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Curr Opin Microbiol. 2003 Apr;6(2):125-34.

Motifs, modules and games in bacteria.

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Department of Bioengineering, University of California, Physical Biosciences Division, Lawrence Berkeley National Laboratory, Howard Hughes Medical Institute, 1 Cyclotron Road, MS 3-144, Berkeley, CA 94720, USA.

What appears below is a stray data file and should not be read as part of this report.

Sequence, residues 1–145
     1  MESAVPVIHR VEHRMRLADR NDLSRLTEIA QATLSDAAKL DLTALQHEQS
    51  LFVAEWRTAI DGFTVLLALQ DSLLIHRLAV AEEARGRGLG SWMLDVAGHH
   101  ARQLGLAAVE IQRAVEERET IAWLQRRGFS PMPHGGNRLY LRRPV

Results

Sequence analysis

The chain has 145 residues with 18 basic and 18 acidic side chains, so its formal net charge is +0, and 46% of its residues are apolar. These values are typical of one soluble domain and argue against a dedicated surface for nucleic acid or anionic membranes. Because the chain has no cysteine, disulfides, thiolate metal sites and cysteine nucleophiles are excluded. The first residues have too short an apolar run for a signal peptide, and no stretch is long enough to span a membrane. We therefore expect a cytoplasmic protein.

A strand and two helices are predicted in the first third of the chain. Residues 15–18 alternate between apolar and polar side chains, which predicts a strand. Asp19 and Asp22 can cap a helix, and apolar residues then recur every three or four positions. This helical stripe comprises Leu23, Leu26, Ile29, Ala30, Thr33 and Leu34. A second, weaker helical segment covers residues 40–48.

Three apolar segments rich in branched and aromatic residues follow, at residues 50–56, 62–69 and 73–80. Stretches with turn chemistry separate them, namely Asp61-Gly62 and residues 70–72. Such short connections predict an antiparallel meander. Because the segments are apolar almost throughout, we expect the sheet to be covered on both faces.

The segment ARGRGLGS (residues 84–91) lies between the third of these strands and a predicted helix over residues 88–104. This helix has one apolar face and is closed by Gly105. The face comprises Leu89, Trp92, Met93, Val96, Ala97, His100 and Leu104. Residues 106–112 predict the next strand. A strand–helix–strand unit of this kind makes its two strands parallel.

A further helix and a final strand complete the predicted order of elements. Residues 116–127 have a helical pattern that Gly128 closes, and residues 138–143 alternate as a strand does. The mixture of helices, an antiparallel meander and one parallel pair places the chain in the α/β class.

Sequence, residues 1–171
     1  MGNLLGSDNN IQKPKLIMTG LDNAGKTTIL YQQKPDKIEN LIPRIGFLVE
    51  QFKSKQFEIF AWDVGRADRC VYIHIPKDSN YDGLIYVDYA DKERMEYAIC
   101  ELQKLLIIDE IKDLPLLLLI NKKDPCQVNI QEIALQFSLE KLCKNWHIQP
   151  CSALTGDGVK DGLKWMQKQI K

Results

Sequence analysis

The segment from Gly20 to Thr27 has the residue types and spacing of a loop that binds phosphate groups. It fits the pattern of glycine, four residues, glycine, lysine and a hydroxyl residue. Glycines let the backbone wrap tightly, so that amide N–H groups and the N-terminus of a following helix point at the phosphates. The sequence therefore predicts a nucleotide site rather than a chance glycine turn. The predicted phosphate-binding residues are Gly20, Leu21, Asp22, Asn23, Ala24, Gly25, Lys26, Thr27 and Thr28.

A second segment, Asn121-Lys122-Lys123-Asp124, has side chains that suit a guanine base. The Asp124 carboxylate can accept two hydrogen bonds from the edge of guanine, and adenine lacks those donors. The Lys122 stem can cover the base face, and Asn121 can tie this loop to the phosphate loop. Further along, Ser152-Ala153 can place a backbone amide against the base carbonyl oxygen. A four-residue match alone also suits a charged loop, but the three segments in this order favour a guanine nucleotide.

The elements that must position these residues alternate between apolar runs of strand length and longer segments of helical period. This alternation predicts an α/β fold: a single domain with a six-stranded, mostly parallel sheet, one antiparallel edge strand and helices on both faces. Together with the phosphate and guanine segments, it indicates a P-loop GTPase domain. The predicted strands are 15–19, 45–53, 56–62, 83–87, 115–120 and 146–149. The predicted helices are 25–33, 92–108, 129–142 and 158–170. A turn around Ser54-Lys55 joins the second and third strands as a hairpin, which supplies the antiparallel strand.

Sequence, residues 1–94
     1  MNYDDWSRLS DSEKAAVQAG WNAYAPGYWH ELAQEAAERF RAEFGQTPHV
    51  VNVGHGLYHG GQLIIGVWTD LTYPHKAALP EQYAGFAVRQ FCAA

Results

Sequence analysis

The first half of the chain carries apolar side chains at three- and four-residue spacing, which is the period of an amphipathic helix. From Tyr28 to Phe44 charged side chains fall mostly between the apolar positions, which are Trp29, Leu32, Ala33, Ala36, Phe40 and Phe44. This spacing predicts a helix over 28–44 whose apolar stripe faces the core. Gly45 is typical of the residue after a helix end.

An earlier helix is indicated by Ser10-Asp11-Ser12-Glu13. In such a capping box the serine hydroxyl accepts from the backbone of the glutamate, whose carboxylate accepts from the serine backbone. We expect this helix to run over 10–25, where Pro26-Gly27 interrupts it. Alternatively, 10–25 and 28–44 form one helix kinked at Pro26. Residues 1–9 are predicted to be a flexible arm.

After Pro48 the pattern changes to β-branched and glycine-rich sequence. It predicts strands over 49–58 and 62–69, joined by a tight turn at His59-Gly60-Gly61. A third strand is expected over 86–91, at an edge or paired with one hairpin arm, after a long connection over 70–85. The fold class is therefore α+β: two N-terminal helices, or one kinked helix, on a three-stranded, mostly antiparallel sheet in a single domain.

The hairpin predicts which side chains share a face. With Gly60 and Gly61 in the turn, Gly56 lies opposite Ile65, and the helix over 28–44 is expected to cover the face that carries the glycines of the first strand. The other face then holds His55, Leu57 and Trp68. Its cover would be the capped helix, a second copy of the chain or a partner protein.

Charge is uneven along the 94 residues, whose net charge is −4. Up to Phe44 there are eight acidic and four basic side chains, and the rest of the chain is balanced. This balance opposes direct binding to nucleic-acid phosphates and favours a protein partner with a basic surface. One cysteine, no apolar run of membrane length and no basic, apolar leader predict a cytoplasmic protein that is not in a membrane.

Global explorations of regulatory network dynamics, organization and evolution have become tractable thanks to high-throughput sequencing and molecular measurement of bacterial physiology. From these, a nascent conceptual framework is developing, that views the principles of regulation in term of motifs, modules and games. Motifs are small, repeated, and conserved biological units ranging from molecular domains to small reaction networks. They are arranged into functional modules, genetically dissectible cellular functions such as the cell cycle, or different stress responses. The dynamical functioning of modules defines the organism's strategy to survive in a game, pitting cell against cell, and cell against environment. Placing pathway structure and dynamics into an evolutionary context begins to allow discrimination between those physical and molecular features that particularize a species to its surroundings, and those that provide core physiological function. This approach promises to generate a higher level understanding of cellular design, pathway evolution and cellular bioengineering.

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